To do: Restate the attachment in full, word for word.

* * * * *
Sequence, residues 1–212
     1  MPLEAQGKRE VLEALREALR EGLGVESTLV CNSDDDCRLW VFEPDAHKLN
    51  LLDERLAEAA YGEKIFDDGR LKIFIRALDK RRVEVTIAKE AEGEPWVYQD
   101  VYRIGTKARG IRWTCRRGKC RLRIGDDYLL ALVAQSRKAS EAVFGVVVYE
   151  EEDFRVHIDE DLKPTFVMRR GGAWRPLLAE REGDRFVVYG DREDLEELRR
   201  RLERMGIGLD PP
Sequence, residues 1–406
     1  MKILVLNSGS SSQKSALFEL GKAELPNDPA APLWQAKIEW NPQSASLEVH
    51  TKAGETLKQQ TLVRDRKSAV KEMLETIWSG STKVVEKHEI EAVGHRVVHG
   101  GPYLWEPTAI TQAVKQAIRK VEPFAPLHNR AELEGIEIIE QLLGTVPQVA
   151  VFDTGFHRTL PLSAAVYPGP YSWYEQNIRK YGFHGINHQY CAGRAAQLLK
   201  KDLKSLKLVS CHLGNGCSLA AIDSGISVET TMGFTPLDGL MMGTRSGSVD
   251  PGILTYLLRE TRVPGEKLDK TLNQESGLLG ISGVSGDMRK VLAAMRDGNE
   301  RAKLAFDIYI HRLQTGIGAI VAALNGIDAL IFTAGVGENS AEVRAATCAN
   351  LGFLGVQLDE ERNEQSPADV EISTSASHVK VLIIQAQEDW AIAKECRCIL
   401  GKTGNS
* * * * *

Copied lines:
Sequence, residues 1–212
     1  MPLEAQGKRE VLEALREALR EGLGVESTLV CNSDDDCRLW VFEPDAHKLN
    51  LLDERLAEAA YGEKIFDDGR LKIFIRALDK RRVEVTIAKE AEGEPWVYQD
   101  VYRIGTKARG IRWTCRRGKC RLRIGDDYLL ALVAQSRKAS EAVFGVVVYE
   151  EEDFRVHIDE DLKPTFVMRR GGAWRPLLAE REGDRFVVYG DREDLEELRR
   201  RLERMGIGLD PP
Sequence, residues 1–406
     1  MKILVLNSGS SSQKSALFEL GKAELPNDPA APLWQAKIEW NPQSASLEVH
    51  TKAGETLKQQ TLVRDRKSAV KEMLETIWSG STKVVEKHEI EAVGHRVVHG
   101  GPYLWEPTAI TQAVKQAIRK VEPFAPLHNR AELEGIEIIE QLLGTVPQVA
   151  VFDTGFHRTL PLSAAVYPGP YSWYEQNIRK YGFHGINHQY CAGRAAQLLK
   201  KDLKSLKLVS CHLGNGCSLA AIDSGISVET TMGFTPLDGL MMGTRSGSVD
   251  PGILTYLLRE TRVPGEKLDK TLNQESGLLG ISGVSGDMRK VLAAMRDGNE
   301  RAKLAFDIYI HRLQTGIGAI VAALNGIDAL IFTAGVGENS AEVRAATCAN
   351  LGFLGVQLDE ERNEQSPADV EISTSASHVK VLIIQAQEDW AIAKECRCIL
   401  GKTGNS